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From Brad O'Hearne <>
Subject Re: Bug in RealmBase, JAASRealm, and/or Requestt object preventing proper role authorization
Date Fri, 21 Oct 2005 04:20:06 GMT
Right, but I think you are missing what I am saying. The hasRole()  
method takes two parameters: a Principal (which is going to be the  
custom user principal returned from the request.getUserPrincipal()  
method), and a String role name. Roles aren't being passed to the  
hasRole method, only the user principal and the role that it is  
looking for.

In the JAAS login module, when you authenticate you add your user  
principal and role principals separately to the subject. The user  
principal does not contain roles. Its the realm that combines those  
after pulling them from the subject after the fact. So in the JAAS  
login module, what you would have to do is instantiate a user  
principal that is a subclass of GenericPrinicipal for your user  
principal, then add your role principals to that user principal, and  
then add the user principal and all the role principals to the  
subject. And then, of course, the same thing would happen all over  
again in the realm code after exiting.

Yes that could be done. What an ugly hack though. Depending on what  
the dev list comes back with, I may give it a try. It explains,  
however, the behavior I had in Tomcat 5.0.28. In 5.0.28, I couldn't  
get my user principal out of the request -- instead, the  
request.getUserPrincipal() method returned a GenericPrincipal.  
However, role authorization worked. So It really looks probably that  
someone added code to the getUserPrincipal() method to return the  
custom user principal, and broke role authorization.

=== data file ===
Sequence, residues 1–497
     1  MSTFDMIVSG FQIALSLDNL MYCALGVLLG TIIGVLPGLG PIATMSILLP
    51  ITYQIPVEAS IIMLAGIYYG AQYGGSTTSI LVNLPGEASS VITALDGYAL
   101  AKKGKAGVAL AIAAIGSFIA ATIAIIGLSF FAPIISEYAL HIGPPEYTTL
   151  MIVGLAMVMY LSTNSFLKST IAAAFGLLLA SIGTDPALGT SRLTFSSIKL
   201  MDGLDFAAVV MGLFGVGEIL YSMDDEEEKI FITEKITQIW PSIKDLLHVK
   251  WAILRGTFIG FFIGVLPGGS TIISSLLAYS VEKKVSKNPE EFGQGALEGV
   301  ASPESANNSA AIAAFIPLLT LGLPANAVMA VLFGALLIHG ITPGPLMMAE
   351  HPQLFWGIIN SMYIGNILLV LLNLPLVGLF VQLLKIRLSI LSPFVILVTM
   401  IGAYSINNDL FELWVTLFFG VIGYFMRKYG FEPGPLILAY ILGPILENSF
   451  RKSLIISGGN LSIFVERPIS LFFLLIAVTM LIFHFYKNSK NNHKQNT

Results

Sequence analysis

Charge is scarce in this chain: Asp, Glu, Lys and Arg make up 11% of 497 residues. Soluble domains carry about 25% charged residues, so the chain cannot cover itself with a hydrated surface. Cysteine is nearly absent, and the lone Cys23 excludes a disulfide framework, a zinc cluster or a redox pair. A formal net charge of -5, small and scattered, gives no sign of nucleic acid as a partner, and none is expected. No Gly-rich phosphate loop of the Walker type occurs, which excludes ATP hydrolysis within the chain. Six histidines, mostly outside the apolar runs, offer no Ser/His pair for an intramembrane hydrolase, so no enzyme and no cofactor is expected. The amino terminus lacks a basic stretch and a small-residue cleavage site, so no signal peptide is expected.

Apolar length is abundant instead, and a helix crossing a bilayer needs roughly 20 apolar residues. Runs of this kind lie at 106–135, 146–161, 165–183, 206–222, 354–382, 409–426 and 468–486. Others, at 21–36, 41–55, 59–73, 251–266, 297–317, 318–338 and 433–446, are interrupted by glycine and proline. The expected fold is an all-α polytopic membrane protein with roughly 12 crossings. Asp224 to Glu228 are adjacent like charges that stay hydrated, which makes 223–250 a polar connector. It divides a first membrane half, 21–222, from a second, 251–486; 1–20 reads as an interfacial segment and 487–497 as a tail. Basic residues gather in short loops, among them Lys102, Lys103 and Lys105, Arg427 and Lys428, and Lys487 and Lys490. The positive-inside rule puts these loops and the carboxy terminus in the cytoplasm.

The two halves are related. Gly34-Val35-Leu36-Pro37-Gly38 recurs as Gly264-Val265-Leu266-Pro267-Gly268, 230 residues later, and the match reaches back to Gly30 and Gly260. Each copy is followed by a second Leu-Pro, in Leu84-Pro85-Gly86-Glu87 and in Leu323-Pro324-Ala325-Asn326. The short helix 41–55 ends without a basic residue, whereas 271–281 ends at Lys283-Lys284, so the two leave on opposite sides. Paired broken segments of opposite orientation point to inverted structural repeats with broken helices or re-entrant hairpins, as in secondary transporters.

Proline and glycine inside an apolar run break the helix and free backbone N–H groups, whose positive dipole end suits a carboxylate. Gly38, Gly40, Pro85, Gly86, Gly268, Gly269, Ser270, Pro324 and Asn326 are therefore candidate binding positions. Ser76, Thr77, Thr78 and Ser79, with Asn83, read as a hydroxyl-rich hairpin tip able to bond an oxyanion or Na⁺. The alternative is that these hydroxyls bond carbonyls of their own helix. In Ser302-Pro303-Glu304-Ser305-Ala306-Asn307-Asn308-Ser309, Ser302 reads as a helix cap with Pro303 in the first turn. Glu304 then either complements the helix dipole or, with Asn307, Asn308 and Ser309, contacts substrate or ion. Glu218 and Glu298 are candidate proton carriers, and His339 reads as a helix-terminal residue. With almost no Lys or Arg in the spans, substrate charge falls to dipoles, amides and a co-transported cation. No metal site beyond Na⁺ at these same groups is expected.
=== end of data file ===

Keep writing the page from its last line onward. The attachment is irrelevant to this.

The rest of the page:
Alas....a regression test that escaped... :-)


On Oct 20, 2005, at 9:09 PM, Caldarale, Charles R wrote:

>> From: Brad O'Hearne []
>> Subject: Re: Bug in RealmBase, JAASRealm, and/or Requestt
>> object preventing proper role authorization
>> If you wanted to try to game the authorization, you'd have to
>> take your role principal, shove it into the user principal,
>> then let the realm shove both of those again into another
>> GenericPrincpal that wrapped it.
> No, that's wrappering.  What I suggested was declaring your custom
> principal as a subclass of GenericPrincipal so the JAASRealm code  
> could
> use it directly.
>> I thought about that too, but I don't know enough about the
>> other source code to know if it is safe and would affect
>> things elsewhere in code.
> The rules of subclassing make this perfectly safe.  The rest of the  
> code
> may be using your object, but the other code can only refer to it via
> the methods declared in the superclass GenericPrincipal; whatever
> customization you've made is invisible to the rest of Tomcat.  You  
> would
> also have the freedom of overriding the GenericPrincipal methods to  
> suit
> your needs.
>  - Chuck
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